The LEAF Network is a community-based organization with the mission to link people with the benefits of edible trees and support edible trees with people’s stewardship.
Equipment and Techniques
Hand picking is the preferred method to harvest fruit. It is faster than picking with tools, and a twist of the wrist can properly pluck the fruit without breaking the skin. Some fruits are prone to plugging—a hole that forms in the skin of the fruit because the stem pulls away when picked. These are best removed with hand clippers when possible, and include tangerines, tangelos, calamondins, loquats and figs.
Single-pole fruit pickers or telescoped double-pole pickers are equipped with baskets to catch harvested fruit. The pole pickers can gently pluck fruits, nuts and pods from trees, especially the upper canopy. Catching fruit in nets or tarps held up under the tree will help keep fruit clean, make collection easy, and prevent damage, especially when dropping fruits from heights.
Poles can extend to varying lengths; however the longer the pole the harder it is to manage. Rakes with finely spaced tines can be used to harvest olives, jujubes, and the pods of mesquite, carob, ironwood and palo verde. When fruit it too high to reach from the ground or with an extended pole, ladders might be needed and must be used safely.
Over-the-shoulder cloth, canvas, or plastic bags can be used to gather fruit, but are not good for storing it. Crates work well to transport large, sturdy fruit such as grapefruit. More tender fruit such as apples, jujubes and pomegranates are best harvested in boxes, buckets or flexible crates (not hard crates, which can bruise them). Plums, pears and nectarines benefit from boxes as well.
Store small products like nuts in solid buckets or boxes rather than crates with openings. Delicate peaches, apricots and figs are best placed in egg cartons or partitioned boxes. Small, delicate fruits should not be piled on top of one another for storage as the weight can damage the bottom fruit. Be careful using plastic bags for temporary transport and storage as they hold moisture, can damage the fruit and can quickly lead to mold development.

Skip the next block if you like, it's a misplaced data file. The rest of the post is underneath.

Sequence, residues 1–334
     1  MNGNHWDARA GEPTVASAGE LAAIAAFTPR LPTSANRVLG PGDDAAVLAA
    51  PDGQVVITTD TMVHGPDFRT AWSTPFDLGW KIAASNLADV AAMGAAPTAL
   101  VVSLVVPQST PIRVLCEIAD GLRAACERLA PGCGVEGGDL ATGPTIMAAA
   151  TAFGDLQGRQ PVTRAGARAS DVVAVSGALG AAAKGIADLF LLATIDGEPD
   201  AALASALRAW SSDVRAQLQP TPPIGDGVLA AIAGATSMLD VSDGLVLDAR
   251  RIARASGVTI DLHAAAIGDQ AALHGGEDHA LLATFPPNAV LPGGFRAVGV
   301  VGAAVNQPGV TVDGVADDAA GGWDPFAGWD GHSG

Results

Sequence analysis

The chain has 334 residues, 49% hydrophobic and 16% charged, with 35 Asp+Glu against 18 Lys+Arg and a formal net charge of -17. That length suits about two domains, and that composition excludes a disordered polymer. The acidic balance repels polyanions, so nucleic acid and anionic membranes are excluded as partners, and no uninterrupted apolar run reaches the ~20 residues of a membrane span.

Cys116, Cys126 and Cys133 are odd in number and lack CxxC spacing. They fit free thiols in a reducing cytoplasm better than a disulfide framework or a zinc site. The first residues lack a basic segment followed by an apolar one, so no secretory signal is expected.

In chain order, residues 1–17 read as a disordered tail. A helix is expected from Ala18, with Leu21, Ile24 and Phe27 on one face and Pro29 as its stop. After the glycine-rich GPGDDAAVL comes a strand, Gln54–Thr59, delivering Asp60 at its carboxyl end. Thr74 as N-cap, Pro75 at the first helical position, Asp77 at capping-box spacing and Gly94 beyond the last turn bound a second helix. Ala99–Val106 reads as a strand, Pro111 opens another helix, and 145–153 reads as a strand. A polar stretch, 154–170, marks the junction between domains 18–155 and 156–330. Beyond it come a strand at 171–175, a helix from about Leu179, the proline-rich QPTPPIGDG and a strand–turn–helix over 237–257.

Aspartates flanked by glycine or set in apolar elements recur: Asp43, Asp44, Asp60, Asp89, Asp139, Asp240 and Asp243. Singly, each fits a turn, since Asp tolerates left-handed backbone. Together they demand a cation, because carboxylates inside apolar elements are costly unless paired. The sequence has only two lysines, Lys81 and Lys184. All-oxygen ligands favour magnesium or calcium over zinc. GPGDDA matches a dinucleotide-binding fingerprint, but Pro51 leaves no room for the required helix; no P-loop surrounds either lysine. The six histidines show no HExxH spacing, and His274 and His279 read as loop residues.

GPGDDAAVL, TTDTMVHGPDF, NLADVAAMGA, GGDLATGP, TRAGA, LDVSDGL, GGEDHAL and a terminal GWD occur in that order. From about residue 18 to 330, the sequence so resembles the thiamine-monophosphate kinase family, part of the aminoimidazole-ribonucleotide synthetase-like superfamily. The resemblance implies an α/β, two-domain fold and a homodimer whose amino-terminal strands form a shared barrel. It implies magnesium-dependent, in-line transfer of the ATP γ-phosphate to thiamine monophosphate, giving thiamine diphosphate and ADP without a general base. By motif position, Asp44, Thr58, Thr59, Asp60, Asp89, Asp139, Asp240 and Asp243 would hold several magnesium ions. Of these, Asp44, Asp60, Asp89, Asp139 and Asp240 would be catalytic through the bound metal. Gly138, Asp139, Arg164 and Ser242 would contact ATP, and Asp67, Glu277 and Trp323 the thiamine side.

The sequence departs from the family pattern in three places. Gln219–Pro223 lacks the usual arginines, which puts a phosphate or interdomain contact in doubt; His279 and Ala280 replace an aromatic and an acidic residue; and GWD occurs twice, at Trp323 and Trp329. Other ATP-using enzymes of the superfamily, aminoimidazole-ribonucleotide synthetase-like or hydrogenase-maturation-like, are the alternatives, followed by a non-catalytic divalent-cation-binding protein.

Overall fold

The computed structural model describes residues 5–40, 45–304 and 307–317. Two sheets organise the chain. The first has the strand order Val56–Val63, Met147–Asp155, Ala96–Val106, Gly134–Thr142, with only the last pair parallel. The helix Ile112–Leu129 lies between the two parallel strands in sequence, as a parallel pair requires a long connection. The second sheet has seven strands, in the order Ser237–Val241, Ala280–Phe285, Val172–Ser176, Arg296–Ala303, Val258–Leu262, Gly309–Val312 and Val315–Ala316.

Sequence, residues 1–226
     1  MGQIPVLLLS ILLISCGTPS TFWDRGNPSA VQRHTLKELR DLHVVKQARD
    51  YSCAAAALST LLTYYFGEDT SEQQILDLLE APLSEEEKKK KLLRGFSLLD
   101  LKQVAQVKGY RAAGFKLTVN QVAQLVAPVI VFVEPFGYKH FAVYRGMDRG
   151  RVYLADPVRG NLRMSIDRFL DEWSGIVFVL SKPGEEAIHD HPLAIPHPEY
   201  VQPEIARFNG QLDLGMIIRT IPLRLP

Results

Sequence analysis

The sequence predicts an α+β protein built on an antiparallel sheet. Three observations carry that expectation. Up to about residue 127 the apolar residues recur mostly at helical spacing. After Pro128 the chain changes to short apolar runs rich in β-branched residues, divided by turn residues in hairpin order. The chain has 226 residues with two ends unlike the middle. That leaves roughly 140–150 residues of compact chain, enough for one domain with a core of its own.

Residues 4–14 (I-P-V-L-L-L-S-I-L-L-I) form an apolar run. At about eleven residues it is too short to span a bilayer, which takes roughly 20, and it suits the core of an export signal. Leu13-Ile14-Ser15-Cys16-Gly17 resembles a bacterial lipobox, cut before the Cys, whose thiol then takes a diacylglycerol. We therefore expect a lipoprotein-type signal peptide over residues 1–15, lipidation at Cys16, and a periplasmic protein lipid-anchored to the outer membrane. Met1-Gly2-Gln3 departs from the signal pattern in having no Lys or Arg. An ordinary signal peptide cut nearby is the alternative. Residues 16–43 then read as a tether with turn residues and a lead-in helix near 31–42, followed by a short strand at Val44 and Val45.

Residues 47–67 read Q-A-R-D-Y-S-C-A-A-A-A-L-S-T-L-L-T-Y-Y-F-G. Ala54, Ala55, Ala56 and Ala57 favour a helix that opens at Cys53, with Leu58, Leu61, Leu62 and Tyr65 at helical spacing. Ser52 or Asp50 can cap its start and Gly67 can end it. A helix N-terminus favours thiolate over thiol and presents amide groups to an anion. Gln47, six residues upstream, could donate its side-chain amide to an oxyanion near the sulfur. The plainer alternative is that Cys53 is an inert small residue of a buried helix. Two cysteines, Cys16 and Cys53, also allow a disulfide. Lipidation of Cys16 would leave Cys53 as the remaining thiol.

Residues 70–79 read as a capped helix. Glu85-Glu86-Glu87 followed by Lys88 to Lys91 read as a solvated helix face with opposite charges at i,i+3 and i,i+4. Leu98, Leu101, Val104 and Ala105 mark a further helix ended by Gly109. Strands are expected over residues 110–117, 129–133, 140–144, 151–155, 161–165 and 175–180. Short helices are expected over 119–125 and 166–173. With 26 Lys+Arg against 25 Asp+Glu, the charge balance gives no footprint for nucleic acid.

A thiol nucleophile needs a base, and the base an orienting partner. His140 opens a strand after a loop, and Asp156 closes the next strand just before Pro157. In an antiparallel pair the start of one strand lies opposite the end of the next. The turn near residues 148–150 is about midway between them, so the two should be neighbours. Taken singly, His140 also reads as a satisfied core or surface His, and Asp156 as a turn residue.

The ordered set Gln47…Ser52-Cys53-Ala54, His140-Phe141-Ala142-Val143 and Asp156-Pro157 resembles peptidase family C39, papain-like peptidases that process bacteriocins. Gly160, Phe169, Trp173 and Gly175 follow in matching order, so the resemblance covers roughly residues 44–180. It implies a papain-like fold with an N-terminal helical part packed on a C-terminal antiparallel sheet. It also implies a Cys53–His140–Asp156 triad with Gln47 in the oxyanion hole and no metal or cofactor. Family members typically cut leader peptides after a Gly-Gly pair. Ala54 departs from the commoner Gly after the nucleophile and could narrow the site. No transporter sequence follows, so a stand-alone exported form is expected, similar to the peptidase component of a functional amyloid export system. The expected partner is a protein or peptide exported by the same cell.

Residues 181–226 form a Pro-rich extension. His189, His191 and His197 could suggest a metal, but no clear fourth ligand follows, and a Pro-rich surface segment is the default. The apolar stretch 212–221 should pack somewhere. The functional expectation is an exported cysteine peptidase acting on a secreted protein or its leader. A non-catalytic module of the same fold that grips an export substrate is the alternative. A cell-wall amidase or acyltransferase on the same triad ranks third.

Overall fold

All fruit should be quickly chilled or stored in cool, dry places immediately after harvest to keep longer. Some fruits will keep at room temperature, but most benefit from cool storage temperatures. Seeds, nuts and pods also need to be dry or mold will develop—spread these out on screens or cookie sheets if they are not completely dry when harvested. Many nuts and pods can be stored in the freezer until processing.
Extended pole with basket used to harvest apples high on the tree.
Scissors (or clippers) are good for harvesting one fruit at a time.
Fruit rake with attached bag to harvest small calamondin fruit.
Fruit can be picked the old fashioned way, by hand.
A traditional pole harvesting technique is used to gather saguaro fruit from the giant cacti. Poles are made of the “ ribs” of the saguaro cacti, collected from old fallen giants. A very small cross piece is wired to the top of the tall collecting pole. This piece is hooked over the ripe saguaro fruit at the top of the cacti, then is pulled to release the ripe fruit. People gathered around the bottom of the saguaro catch the fruit in a basket, or quickly pick it off the ground when it falls. Saguaro fruit can be dried as fruit leather, or boiled to make syrup.
Saguaro cactus fruit being harvested with tall poles made of dried saguaro “ribs.”
LEAF is under the fiduciary stewardship of the Arizona Community Tree Council, a 501(c)3 non-profit organization.
PO Box 65122, Phoenix, Arizona 85082-512